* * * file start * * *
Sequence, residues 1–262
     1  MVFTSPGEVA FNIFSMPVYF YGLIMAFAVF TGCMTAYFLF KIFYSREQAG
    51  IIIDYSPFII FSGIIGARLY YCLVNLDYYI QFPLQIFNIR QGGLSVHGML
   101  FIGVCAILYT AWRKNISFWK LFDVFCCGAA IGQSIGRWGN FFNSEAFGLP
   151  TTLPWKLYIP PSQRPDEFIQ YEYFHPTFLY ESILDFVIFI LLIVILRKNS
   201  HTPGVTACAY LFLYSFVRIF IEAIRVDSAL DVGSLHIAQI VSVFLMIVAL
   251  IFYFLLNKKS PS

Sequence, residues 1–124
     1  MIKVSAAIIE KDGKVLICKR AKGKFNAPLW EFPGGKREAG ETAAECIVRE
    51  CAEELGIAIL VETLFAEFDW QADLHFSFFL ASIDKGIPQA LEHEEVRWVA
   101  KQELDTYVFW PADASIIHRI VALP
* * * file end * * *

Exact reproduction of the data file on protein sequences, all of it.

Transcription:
Sequence, residues 1–262
     1  MVFTSPGEVA FNIFSMPVYF YGLIMAFAVF TGCMTAYFLF KIFYSREQAG
    51  IIIDYSPFII FSGIIGARLY YCLVNLDYYI QFPLQIFNIR QGGLSVHGML
   101  FIGVCAILYT AWRKNISFWK LFDVFCCGAA IGQSIGRWGN FFNSEAFGLP
   151  TTLPWKLYIP PSQRPDEFIQ YEYFHPTFLY ESILDFVIFI LLIVILRKNS
   201  HTPGVTACAY LFLYSFVRIF IEAIRVDSAL DVGSLHIAQI VSVFLMIVAL
   251  IFYFLLNKKS PS

Sequence, residues 1–124
     1  MIKVSAAIIE KDGKVLICKR AKGKFNAPLW EFPGGKREAG ETAAECIVRE
    51  CAEELGIAIL VETLFAEFDW QADLHFSFFL ASIDKGIPQA LEHEEVRWVA
   101  KQELDTYVFW PADASIIHRI VALP